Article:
Sometimes I feel like my whole year has been in Mercury retrograde. With one thing after another, there has been a lot of waiting, a lot of postponing, and a lot of loss. I have been stuck—in situations that are not my choosing, with no path forward—and in talking with my friends and sister writers, I know I am far from the only one who would rather watch reruns of clips from The Voice (or Aquaman GIFs) than face my ever-growing list of things that just stubbornly refuse to get done. As we enter the holiday season, which has its own joys and challenges, it can be helpful to recall that, as writers, we have complete control over our tools and our voices. We don’t need anyone’s permission, or an infrastructure, or a legal ruling, or even an outside opportunity in order to write.
So my current burning question for the Tarot is:
How do we get unstuck?
To find my answers, I pull a single Tarot* card. I use it for insight, as a confirmation, to get around my blocks and habits, to take some risks and find some epiphanies. Often, it gives me an energy that I need to hold onto, so I put it on my altar. Today’s card is The Knower of Rivers.
The Card: In the Shining Tribe Tarot deck, the Knower of Rivers is analogous to the Knight of Cups: a card of action, and also emotions and the subconscious. It follows the Place of Rivers: a place where we go to meditate, withdraw, and revitalize our emotions. The Knower comes out of this place renewed, ready for action, with the tools for success literally clutched in their hands. The card suggests power, and also victory (in the “seven” of the four figures and three fiery trees on the ridge). But this is a victory fueled by self-knowledge, and it comes from the courage to gaze deeply into oneself and “enter the deep and limitless waters” of our own mysteries.
So what does this card mean for you, as the writer?
Of course, it is great to pull a card that promises action and transformation when your life feels like you are running in place. But this card reminds us of two things:
First, change comes from within. This is not an external card, where success comes from wielding a sword or forcing an issue. The suit of Rivers is about intuition, and mystery, and dreams. It is intensely creative. It suggests that all the power you need lies within you. And forward motion comes, in part, from embracing the darkness you find there, accepting it, and transforming it into radiant light. This has been a really important reminder for me, since it is the darkness that makes me stuck: I don’t want to feel it or deal with it. But the darkness—our struggles as humans—is what gives our creative stories and images energy. Without it, there would be no plot, no vision that haunts your readers, no powerful connection to their own lives. To be writers, we need to tap that darkness.
Second, you are doing something. Sometimes the self needs renewal. All the “doing” that our society equates with progress can get exhausting, and hollow. “Being” is important too, especially for writers. We need to gather—our energy, our material—and since we do work on a subconscious level, we may not be aware we are doing it. So instead of thinking of ourselves as stuck, better to think of ourselves as resting. Retreating. Recharging. And to be open to just being very aware of what is going on around us, and the messages we find there.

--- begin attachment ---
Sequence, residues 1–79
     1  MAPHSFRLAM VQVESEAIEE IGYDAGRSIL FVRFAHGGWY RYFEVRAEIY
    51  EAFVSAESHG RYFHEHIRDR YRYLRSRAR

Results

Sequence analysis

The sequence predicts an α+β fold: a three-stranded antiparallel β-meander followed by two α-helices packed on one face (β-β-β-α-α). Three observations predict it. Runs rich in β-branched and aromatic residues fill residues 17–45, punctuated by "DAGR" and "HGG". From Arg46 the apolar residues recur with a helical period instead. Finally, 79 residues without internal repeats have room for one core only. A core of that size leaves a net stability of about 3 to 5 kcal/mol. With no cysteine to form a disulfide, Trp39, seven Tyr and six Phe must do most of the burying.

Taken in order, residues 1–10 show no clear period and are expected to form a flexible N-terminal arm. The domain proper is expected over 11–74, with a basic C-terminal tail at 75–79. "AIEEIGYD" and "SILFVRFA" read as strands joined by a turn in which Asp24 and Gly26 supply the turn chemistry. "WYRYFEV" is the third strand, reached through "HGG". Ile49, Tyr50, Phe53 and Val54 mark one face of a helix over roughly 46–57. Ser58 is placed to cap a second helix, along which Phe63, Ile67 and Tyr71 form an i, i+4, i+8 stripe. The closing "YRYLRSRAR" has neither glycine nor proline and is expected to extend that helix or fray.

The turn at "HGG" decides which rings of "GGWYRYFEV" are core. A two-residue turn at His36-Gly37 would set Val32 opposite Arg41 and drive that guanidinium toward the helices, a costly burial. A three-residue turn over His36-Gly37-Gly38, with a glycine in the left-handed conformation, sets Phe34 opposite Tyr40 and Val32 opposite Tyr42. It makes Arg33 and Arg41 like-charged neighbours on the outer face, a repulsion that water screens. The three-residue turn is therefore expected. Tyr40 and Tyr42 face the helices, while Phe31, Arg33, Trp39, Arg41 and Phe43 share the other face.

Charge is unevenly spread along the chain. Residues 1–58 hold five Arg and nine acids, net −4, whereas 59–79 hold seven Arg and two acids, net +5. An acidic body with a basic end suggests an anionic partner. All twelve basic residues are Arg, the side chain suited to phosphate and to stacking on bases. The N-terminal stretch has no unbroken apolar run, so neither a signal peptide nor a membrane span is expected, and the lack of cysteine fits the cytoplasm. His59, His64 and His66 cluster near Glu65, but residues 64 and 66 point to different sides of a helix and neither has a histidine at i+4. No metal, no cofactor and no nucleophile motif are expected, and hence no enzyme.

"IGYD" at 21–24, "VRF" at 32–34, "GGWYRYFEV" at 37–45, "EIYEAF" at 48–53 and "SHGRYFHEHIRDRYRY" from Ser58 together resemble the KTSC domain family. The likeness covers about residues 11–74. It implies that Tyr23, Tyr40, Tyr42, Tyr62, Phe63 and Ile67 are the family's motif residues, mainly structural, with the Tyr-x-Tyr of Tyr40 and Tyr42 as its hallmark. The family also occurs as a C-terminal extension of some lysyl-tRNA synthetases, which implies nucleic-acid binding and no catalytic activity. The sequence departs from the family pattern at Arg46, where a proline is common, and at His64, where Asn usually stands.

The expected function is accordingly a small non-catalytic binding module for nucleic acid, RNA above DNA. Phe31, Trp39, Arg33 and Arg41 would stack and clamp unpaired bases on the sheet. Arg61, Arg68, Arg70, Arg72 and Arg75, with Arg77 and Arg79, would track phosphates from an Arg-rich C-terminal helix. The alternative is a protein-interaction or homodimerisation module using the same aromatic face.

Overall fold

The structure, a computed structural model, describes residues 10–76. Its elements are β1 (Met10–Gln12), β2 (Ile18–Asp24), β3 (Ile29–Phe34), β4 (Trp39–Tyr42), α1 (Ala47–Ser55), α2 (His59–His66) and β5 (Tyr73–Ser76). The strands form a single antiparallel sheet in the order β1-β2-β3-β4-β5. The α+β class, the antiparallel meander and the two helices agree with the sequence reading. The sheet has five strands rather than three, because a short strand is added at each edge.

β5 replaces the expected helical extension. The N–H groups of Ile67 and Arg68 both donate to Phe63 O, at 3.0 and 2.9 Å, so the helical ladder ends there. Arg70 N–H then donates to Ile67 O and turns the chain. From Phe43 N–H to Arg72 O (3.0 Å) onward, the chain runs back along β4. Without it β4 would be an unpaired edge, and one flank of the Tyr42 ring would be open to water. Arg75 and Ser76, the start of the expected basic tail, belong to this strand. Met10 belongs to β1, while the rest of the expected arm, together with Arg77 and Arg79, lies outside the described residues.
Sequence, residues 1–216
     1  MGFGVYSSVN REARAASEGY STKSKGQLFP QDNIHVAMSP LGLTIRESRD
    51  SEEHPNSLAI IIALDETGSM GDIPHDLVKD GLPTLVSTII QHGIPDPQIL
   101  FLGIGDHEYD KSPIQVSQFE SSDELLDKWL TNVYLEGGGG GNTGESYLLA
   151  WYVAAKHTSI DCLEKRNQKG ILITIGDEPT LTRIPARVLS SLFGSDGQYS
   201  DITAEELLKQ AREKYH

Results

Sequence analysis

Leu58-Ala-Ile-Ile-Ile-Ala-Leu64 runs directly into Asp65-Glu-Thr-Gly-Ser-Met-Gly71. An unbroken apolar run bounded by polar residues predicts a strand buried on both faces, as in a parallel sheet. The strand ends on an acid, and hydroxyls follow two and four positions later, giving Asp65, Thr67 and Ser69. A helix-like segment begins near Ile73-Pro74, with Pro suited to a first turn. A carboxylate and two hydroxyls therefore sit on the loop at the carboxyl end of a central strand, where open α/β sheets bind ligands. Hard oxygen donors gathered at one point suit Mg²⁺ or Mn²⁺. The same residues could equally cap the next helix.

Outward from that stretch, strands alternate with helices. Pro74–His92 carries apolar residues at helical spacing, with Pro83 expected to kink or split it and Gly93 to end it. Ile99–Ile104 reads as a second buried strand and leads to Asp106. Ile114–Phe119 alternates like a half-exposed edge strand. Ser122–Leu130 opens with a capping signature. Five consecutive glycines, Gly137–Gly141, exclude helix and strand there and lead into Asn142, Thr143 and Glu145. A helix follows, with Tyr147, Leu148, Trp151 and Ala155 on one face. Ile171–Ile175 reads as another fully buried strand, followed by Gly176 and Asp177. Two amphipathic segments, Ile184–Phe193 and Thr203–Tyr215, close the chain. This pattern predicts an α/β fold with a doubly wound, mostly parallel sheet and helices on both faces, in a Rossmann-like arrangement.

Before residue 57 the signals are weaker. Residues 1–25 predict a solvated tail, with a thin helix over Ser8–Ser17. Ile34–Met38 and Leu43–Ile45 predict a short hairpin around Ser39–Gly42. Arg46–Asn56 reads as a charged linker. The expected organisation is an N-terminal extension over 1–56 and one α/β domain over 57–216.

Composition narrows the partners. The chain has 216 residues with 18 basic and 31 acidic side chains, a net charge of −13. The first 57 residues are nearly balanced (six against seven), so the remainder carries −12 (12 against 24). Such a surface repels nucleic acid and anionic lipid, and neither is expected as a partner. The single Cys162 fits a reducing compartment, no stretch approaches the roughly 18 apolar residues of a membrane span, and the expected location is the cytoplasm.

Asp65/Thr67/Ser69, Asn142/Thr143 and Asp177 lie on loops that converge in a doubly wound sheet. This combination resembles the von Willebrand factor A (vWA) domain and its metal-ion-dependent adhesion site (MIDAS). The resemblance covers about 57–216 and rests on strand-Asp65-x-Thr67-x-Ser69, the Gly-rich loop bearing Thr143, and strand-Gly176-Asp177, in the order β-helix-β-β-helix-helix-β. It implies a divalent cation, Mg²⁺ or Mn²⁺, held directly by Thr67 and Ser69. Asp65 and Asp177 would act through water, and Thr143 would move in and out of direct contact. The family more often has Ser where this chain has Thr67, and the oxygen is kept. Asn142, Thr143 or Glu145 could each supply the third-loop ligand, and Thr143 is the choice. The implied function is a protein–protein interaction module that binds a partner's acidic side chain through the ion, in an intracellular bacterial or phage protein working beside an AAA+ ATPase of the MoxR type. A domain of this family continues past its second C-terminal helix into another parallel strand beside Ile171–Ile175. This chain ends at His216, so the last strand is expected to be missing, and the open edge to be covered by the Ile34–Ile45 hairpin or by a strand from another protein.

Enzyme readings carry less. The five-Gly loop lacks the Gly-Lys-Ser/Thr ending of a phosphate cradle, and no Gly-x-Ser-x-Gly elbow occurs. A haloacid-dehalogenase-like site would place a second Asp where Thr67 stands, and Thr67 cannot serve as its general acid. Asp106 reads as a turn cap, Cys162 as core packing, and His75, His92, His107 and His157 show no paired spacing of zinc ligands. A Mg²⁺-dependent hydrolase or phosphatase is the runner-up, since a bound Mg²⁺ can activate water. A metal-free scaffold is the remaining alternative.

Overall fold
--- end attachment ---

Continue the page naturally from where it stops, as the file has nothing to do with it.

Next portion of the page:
How can you apply this card to your work?
Relax. Open. Don’t try to escape.
My exercise offering is designed to help you notice what you are experiencing and find a way to use it. In these times of unconscious gathering, you may be getting messages that you aren’t bringing into your conscious mind. You may even be actively blocking or resisting them. So we will mimic the journey that the Knower of Rivers takes.
It is helpful to find a quiet place, where you can relax and release your mind. (Have something to write with handy.) If you find that your thoughts are racing and your brain is telling you that either you don’t have time for this or it’s all useless, be aware that those are defense mechanisms. As long as you don’t have a train to catch, you can give yourself ten quiet minutes.
Deep breaths help, as does closing your eyes. Your mind does not have to become a perfect vacuum. There simply has to be enough space to allow some images or words to bubble up. Don’t chase them. Do imagine bubbles: let them rise, with ease, then let them go. See if something starts repeating. [For me, it’s been witches! For whatever reason, witches keep appearing in random tarot readings, in my email inbox, in conversations with friends.]
Once you notice a pattern or a repetition, or even just one single image or word that has some energy behind it (even the energy of resistance or fear), you might know exactly what to do. If not, jot down some notes. When does this message appear? What emotions are associated with it? What archetypes? What colors? What size is this thing you are feeling? Where is it in your body? What words are associated with the image? What images with the words? Most likely, once you’ve made these notes you’ll have a direction to explore, but if not, the final step is this: Pick a pronoun and write: “She is… They are… It is…” (whichever pronoun you chose) and then follow that with any associated or descriptive word from your notes above. [Such as, “She is red.”] Then freewrite a sentence to follow that. And another to follow that.
I hope this exercise helps you get in sync with yourself and start feeling unstuck. Happy writing!
*In this feature, I’m working with The Shining Tribe Tarot: Awakening the Universal Spirit, created by renowned Tarot scholar Rachel Pollack, who taught me that the Tarot “is a vehicle to remind yourself of what you already know.” If you want to know more about the deck and its images, or have your own Tarot practice, here are the links.